Improving financial literacy and broadening access to financial institutions like banks and insurance companies, especially in the rural areas, are key to achieving financial inclusion in the country.  
 
This was according to a study by state think tank Philippine Institute for Development Studies (PIDS) on factors affecting financial inclusion in the Philippines. The research showed that more educated individuals living in urban areas, wherein most financial institutions like banks are situated, are more likely to have savings and insurance than their less educated counterparts in the rural areas.
 
The World Bank defines financial inclusion as a situation where people and businesses have access to useful and affordable financial products and services that meet their needs. Financial products and services include payments, savings, credit, and insurance.
 
Authors Gilberto Llanto and Maureen Ane Rosellon, PIDS president and research associate, respectively, emphasized that access to finance allows the poor to accumulate assets like savings and insurance to protect them from potential risks and shocks, and to invest in income-generating activities.
 
However, access to financial products and services remains a big challenge in the Philippines as shown in the latest data of the Bangko Sentral ng Pilipinas(BSP). According to BSP, only about 43 percent of Filipino adults have bank savings while 72 percent of those who borrow, transact with informal financial institutions. Also, only about 30 percent of small and medium enterprises have formal lines of credit and/or bank loans.
 
One of the main factors that limits people’s access to formal financial institutions, according to Llanto and Rosellon, is their remote location in the rural areas. “For example, data on bank network vis-à-vis population on a regional level indicate a great difference between urban areas like the National Capital Region (ARMM) and highly rural regions like the Autonomous Region of Muslim Mindanao (ARMM),” they explained. Citing statistics from BSP, they noted that the number of banks per 10,000 adults in the NCR is estimated at 3.6 in 2010 and 2015 compared to only one bank per 100,000 adults in ARMM for the same period.
 
“Due to the absence of banks, people would usually just keep their money at home or join informal group savings in the community, such as rotating savings and credit associations locally called “paluwagan”, the authors concluded.
 
Also, data from BSP show that majority of adults (about 70%) find pawnshops as the nearest and easiest to reach among financial products and service providers. Likewise, nonstock savings and loan associations, payment centers, and remittance agents take the shortest time to reach at 17 to 18 minutes. The cost of a round-trip travel to these establishments is also the lowest, at PHP 31 to PHP 37.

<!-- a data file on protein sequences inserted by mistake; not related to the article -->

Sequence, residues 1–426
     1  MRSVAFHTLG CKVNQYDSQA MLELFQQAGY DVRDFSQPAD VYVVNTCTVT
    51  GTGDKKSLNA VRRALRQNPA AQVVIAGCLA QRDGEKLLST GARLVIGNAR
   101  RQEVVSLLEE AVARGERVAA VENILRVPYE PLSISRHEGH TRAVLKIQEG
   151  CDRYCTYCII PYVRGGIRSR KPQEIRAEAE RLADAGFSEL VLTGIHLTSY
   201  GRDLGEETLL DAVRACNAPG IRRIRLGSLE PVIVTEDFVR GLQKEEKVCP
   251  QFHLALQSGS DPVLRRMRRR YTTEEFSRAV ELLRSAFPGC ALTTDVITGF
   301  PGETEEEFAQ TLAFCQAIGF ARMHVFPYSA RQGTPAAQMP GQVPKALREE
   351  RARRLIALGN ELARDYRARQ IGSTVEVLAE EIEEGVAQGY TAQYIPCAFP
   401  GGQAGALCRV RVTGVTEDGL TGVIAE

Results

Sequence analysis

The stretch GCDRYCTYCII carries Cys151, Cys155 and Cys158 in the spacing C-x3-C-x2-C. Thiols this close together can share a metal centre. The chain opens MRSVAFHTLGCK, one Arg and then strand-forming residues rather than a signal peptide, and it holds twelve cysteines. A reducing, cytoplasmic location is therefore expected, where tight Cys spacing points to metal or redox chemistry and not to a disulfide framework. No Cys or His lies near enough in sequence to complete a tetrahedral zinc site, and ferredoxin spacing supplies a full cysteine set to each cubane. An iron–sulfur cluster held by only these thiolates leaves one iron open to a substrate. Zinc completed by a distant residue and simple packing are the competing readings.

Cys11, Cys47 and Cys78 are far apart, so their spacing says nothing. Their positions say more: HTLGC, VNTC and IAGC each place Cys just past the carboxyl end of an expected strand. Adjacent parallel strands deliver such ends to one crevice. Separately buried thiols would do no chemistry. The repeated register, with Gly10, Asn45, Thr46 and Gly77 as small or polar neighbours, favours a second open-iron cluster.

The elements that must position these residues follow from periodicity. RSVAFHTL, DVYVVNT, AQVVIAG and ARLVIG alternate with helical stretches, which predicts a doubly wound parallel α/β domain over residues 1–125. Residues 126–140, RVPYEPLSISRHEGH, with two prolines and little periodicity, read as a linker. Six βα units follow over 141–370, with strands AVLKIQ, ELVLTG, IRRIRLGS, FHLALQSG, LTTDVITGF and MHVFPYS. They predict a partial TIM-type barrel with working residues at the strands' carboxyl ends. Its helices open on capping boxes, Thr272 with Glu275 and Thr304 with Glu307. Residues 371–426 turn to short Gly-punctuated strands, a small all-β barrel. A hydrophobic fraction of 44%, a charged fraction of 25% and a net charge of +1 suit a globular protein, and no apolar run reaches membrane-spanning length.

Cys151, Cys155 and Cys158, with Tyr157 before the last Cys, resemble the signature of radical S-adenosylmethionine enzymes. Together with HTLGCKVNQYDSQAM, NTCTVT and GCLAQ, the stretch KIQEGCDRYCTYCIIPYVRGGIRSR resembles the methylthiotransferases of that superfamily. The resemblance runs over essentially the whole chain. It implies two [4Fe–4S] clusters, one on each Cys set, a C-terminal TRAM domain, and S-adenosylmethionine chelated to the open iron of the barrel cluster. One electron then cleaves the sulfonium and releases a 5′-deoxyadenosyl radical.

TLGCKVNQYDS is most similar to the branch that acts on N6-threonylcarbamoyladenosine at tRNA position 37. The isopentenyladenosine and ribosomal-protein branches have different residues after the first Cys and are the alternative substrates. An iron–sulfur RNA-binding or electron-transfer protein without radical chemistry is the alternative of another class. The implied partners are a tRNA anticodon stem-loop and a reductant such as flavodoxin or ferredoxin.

Llanto and Rosellon said the first step to encourage people to access banks and other formal financial institutions is to improve people’s education. “A higher level of education increases the likelihood of saving and borrowing from a formal financial institution. Educational attainment can be an indicator of the knowledge and level of understanding of credit options and opportunities, and confidence to apply for a loan,” they pointed out.
 
Furthermore, the authors highlighted the importance of looking at potential barriers to access, which includes, among others, cost or proximity to providers of financial services.   
 
Meanwhile, banks have recently introduced electronic banking (e-banking) to the market as a proper response to global innovations in banking. According to the study, e-banking has started to penetrate “unbanked” markets. Still, poor people in far-flung areas are unable to access this technology as it requires suitable electronic devices and strong Internet connection.  
 
“Although mobile financial services have taken a foothold in the financial markets, the majority of retail transactions by individuals and businesses in the Philippines are still done in cash,” the authors stated. They cited a 2015 report by Better Than Cash Alliance showing that only 1 percent of the 2.5 billion retail payments per month in the country were done electronically. ###
 
This press release is based on the PIDS discussion paper titled “What Determines Financial Inclusion in the Philippines? Evidence from a National Baseline Survey”.